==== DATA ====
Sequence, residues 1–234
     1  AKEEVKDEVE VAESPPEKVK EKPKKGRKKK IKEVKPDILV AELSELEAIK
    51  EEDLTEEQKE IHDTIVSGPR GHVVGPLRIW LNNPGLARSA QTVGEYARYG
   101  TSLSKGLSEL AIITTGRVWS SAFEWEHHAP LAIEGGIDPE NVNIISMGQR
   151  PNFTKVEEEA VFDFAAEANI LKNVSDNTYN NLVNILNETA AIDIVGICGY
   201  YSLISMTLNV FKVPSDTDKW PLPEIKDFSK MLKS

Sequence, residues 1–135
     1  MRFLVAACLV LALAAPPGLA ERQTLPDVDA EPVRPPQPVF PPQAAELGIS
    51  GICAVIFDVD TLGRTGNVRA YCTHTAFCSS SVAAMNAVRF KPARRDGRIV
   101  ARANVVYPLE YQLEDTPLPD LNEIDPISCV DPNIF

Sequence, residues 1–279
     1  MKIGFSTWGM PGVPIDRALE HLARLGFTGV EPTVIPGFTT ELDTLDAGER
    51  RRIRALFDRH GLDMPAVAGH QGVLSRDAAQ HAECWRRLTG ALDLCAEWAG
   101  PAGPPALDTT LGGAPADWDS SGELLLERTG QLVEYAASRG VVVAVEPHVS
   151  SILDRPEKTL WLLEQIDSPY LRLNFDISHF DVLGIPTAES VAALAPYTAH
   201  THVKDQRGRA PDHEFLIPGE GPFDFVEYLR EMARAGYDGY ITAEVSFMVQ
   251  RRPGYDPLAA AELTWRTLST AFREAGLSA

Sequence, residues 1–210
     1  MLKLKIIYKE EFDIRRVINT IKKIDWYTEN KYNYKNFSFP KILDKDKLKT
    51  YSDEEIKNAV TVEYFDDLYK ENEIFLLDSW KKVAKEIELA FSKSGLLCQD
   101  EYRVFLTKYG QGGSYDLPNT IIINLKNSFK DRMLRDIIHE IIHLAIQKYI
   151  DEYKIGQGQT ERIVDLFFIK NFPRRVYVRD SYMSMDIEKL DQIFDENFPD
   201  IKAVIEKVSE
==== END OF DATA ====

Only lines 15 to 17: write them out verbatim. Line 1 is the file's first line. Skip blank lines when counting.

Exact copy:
   151  SILDRPEKTL WLLEQIDSPY LRLNFDISHF DVLGIPTAES VAALAPYTAH
   201  THVKDQRGRA PDHEFLIPGE GPFDFVEYLR EMARAGYDGY ITAEVSFMVQ
   251  RRPGYDPLAA AELTWRTLST AFREAGLSA